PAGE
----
FEEDBACK ONLINE - ISSUE 38
Dennis Wilson, Pacific Ocean Blue
Columbia Legacy Edition CD 88697 07916 2
Brian Wilson's Smile isn't the only "lost" album from a former Beach Boy to finally see the light of day. Lesser known, but with perhaps an even more devoted following, is brother Dennis' near-perfect Pacific Ocean Blue. Originally released thirty years ago to critical success and inevitable commercial failure, it's been out of print since 1991. Those without turntables had to ante up as much as $100 for a CD on eBay, and to be honest, it might have been a good deal if that particular release sounded as good as the newly-remastered Legacy Edition. The music is that good, that affecting. It's the best solo album ever from one of The Beach Boys, and just the thing for those who found the Smile redux somehow unsatisfying.
At the time, Dennis was quoted as saying that Pacific Ocean Blue had "no substance." He seemed genuinely surprised by its acclaim. But Pacific Ocean Blue is indeed a brave record, both emotionally and artistically, and it's hard to believe Dennis couldn't appreciate his courage in not only creating a unique sound unlike anything else at the time, but also being the first Beach Boy to attempt a solo career. The fact that he apparently did not makes the resulting set all the more fascinating.
Imagine The Beach Boys colliding head-on in a time warp with Kid A-era Radiohead and Being There-era Wilco. Toss in a little modern-day Peter Gabriel for good measure and you've pretty much got a handle on Pacific Ocean Blue. This is an exotic, expansive concept album that's cinematic in scope and as musically and lyrically ambitious as anything his brother Brian ever attempted. The only difference is, Brian was consciously attempting to push the envelope while Dennis was just being Dennis.
The 12-track set kicks off with a gospel choir backing Dennis' raspy, strained vocals on "River Song," a lament about the pollution, traffic, overcrowding and urban sprawl of 1977 Los Angeles. (I wonder what he'd think of LA today!) "River Song" sets the tone for the rest of the record: dark, contemplative, deeply felt lyrics sung over bouncy, uptempo funk and psychedelia or deceptively simple, mind-bendingly pretty harmonies.
But this is by no means a gloomy record, nor is it overtly experimental. It's about one man's extreme longing for love and life and the things that sometimes get in the way. It's also about the sense of urgency that rears its head when you realize your summers are no longer endless. As he sings in the aching "Time," "I'm the kind of guy/who loves to mess around/know a lot of women/but they don't fill my heart with love completely/Oooh I love you."
In fact, love is a recurring theme and Dennis professes his love for lost friends and of course, current and former girlfriends on no fewer than four tracks. Again, this is just Dennis being Dennis, no pretentiousness or artifice. When he means "I love you," he simply sings "I love you." As on "Farewell My Friend," a eulogy: "I love you/in a funny way/you take the high road/I'll take the low road/And we'll meet again."
Though Dennis explores themes ranging from the environment to the emptiness of material culture and the cheap thrills of the Me Generation, to his own personal failings in love and life, there's always an underlying hopefulness that makes the most raw, grasping emotional moments go down like candy even as a tear forms in the corner of your eye. Battered and self-abused, he will go on, as evidenced by the final cut, "End of the Show," a meditation on the bright side of breaking up, such as it is, and picking up the pieces to move forward. ("Memories are real/It's wonderful to know we're alive/at the end.")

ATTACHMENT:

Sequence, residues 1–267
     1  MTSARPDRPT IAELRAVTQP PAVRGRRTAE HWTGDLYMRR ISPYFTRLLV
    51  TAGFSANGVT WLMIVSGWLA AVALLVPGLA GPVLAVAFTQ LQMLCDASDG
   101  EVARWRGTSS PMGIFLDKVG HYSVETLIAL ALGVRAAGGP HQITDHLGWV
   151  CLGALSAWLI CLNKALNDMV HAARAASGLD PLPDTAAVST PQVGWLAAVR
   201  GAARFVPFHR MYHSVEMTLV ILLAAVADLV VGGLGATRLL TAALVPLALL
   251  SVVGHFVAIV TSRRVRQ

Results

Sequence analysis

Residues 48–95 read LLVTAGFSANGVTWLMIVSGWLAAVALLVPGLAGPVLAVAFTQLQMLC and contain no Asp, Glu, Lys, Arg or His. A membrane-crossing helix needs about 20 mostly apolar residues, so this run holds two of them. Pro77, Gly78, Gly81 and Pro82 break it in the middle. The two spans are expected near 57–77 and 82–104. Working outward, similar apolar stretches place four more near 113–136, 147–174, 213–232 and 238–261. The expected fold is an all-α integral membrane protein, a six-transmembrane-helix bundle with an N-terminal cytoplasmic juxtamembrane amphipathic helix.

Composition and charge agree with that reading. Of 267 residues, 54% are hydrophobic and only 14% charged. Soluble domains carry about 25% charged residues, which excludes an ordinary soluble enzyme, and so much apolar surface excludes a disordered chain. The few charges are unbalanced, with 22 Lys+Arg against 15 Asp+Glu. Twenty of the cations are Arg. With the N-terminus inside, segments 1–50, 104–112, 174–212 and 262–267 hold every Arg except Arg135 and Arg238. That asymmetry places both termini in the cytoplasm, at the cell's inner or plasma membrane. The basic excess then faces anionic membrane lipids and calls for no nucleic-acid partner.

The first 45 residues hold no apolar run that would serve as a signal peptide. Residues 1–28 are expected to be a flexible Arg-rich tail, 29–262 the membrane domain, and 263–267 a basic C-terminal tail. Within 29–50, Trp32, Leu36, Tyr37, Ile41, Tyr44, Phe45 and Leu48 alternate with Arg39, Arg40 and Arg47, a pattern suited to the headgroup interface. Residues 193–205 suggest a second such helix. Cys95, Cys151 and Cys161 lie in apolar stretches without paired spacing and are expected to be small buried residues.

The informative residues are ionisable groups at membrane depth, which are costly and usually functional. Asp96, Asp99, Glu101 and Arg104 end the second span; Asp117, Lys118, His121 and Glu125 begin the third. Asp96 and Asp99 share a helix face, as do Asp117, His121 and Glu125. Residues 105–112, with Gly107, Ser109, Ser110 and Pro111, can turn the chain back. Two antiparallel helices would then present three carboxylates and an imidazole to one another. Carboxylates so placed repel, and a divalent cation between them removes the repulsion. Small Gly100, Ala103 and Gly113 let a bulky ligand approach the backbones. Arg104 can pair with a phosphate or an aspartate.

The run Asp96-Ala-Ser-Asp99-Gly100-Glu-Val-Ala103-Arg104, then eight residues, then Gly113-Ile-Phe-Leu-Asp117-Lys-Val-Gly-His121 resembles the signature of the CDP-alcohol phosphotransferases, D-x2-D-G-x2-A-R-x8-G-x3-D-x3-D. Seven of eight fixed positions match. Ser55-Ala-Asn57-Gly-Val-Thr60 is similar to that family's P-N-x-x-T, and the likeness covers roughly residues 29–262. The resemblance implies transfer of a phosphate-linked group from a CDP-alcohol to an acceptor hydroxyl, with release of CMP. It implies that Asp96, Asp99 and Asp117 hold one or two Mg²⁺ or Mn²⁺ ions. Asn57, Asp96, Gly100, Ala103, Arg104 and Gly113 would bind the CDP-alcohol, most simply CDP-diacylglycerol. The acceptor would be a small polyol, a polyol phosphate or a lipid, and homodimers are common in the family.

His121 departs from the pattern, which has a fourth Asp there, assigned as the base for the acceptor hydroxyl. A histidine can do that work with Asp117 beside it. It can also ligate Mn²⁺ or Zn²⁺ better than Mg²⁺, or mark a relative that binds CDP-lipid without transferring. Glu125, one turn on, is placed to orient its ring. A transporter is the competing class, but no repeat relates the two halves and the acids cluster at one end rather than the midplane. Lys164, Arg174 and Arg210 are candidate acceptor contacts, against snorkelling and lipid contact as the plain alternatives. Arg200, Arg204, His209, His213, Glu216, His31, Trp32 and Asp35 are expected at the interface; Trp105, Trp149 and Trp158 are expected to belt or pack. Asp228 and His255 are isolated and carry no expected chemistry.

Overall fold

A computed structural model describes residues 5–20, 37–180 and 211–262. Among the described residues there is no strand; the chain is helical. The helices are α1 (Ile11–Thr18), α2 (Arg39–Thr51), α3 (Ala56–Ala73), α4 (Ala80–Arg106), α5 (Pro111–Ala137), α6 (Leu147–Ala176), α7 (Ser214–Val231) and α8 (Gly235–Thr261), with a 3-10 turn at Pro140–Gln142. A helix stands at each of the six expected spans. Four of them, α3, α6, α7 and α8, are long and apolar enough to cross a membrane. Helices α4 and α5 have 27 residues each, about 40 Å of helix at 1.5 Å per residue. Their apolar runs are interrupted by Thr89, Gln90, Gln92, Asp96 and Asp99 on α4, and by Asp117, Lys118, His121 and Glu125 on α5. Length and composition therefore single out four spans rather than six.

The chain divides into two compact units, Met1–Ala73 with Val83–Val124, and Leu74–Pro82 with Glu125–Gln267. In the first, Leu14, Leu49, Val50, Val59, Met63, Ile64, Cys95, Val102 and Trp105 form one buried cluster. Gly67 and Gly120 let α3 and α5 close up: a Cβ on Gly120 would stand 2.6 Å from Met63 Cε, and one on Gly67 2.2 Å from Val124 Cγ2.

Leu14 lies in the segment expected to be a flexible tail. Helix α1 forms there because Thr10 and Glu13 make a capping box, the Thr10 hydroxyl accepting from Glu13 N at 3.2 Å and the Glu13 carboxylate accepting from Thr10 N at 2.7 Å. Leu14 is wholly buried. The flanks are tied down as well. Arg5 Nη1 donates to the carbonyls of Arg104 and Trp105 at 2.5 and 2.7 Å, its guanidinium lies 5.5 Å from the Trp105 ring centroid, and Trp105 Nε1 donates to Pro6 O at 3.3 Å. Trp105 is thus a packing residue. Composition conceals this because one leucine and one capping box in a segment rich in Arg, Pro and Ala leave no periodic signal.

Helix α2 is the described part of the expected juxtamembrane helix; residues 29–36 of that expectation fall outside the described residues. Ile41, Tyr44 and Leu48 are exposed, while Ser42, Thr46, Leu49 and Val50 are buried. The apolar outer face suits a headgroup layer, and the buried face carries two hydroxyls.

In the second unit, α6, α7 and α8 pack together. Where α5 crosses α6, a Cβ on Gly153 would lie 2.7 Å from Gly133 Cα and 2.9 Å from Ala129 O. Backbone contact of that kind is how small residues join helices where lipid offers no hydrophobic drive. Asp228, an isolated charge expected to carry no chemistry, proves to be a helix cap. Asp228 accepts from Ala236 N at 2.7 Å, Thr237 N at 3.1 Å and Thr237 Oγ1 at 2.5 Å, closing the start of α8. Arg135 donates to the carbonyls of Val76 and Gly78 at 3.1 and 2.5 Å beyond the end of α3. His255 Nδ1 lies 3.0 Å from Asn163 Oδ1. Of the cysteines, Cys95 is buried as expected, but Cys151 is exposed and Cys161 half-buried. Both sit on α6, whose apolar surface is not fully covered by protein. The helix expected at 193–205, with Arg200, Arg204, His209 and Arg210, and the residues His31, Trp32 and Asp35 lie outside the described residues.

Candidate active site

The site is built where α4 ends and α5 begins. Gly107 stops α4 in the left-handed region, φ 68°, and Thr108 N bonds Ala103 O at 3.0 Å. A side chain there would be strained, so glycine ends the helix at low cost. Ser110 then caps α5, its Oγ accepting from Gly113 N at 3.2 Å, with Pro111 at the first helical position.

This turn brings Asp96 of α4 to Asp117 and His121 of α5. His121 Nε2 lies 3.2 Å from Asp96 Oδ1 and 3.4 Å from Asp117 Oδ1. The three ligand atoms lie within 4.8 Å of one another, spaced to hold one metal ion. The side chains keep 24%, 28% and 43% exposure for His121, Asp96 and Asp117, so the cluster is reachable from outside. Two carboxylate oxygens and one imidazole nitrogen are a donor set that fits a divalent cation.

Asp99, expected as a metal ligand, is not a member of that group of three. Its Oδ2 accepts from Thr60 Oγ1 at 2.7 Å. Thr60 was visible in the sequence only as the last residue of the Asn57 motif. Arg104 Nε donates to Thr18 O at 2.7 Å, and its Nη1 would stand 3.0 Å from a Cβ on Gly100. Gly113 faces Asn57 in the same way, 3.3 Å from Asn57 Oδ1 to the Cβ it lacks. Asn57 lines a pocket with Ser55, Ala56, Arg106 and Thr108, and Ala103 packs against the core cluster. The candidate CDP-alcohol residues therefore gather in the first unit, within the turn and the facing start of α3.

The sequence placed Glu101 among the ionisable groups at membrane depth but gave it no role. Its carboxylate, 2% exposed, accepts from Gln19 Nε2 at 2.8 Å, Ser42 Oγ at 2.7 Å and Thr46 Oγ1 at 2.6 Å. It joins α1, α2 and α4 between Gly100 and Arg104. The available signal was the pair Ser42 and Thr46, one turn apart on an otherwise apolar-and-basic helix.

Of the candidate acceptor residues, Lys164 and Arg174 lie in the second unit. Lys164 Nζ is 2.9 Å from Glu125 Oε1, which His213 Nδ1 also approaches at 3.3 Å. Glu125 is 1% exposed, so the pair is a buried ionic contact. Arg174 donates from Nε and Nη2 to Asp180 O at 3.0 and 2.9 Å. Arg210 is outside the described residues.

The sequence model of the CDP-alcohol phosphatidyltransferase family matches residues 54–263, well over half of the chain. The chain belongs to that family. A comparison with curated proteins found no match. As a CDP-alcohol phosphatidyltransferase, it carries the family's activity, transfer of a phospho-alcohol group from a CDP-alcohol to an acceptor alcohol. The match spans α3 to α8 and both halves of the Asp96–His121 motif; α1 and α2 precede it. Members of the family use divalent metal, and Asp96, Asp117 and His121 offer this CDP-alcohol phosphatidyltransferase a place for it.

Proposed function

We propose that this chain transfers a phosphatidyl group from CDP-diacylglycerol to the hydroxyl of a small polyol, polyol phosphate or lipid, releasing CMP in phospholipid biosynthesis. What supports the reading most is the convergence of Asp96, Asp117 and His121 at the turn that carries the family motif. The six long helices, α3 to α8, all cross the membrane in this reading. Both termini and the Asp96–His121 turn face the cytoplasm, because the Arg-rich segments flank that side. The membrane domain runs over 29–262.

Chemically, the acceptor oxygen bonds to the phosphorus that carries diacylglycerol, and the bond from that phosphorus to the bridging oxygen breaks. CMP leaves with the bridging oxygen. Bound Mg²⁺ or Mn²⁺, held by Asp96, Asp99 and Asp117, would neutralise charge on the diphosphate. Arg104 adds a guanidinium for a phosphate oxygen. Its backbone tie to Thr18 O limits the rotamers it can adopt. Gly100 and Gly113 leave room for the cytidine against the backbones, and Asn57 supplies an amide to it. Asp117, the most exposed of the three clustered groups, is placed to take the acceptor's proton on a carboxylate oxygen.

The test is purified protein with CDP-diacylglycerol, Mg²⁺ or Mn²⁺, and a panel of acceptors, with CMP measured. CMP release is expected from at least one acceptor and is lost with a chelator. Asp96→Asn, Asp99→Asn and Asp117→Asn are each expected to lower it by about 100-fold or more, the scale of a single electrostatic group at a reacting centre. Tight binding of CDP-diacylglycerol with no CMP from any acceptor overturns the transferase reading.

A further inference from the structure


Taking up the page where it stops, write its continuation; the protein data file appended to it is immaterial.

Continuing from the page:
The best part is that Pacific Ocean Blue has never sounded better. The CBS/Caribou LP (PZ 34354) is generally good though it can't match the exceptional dynamics of the new CD. Horns soar, strings and piano notes retain their delicacy and air, and Dennis' sometimes hoarse, straining-for-the-note-with-all-he's-got vocals retain all of their heart-wrenching emotional impact. Four previously unreleased bonus tracks accompany disc one: the Brian-esque "Tug Of Love," the piano ballad "Only With You," and two instrumentals, "Holy Man" and "Mexico."
The wealth of bonus material spills over onto a second disc, with 16 tracks from the sessions for his abandoned follow-up, Bambu (yeah, like the rolling papers). There's good stuff here, and nearly all of it is iPod worthy but not up to the almost avant-garde, pin-you-to-your-listening-seat standard of Pacific Ocean Blue. It's not fair to judge the more tossed-off rockers of Bambu by the same criteria since it's an uncompleted work and who's to say where Dennis would have taken the material or what he might have culled? One of the more interesting cuts on disc two has the Foo Fighters' Taylor Hawkins filling in for Dennis, assuming vocal duties for the uncompleted "Holy Man" (the same track presented in instrumental form on disc one).
The liner notes quote Dennis saying, "Everything that I am or ever will be is in the music. If you want to know me, just listen." He may have been the perpetual party boy, but he lived a more examined life than he's given credit for. If only he could have sustained his creative focus and ambition for longer than a few brief years. (According to the liner notes, it took a cadre of close collaborators to keep him on track for these particular sessions, and even then, their hold was tenuous.)
Depending on how closely you connect with the music, Pacific Ocean Blue is either simply a really good pop record, or the magnum opus of a talented, underestimated, self-destructive, passionate, womanizing, spiritual, curious, loving and endlessly hopeful soul. Either way, own this now before it goes back into the vault. It gets better with every listen.